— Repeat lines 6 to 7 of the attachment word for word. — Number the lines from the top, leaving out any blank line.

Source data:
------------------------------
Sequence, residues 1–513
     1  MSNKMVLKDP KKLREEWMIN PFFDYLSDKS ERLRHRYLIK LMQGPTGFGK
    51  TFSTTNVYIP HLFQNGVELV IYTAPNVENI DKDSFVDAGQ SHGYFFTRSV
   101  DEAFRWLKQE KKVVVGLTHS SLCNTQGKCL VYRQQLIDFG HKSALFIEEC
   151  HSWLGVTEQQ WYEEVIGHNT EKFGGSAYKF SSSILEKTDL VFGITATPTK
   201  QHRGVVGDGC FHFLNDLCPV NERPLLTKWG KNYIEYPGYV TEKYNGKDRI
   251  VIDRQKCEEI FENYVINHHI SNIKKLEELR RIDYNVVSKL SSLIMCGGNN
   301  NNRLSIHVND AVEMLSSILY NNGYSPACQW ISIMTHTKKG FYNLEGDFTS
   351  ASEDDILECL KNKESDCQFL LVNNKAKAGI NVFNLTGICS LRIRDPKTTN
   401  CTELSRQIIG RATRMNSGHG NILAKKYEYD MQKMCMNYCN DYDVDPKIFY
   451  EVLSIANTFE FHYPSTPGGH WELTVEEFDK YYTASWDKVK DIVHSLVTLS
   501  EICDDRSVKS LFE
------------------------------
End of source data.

   201  QHRGVVGDGC FHFLNDLCPV NERPLLTKWG KNYIEYPGYV TEKYNGKDRI
   251  VIDRQKCEEI FENYVINHHI SNIKKLEELR RIDYNVVSKL SSLIMCGGNN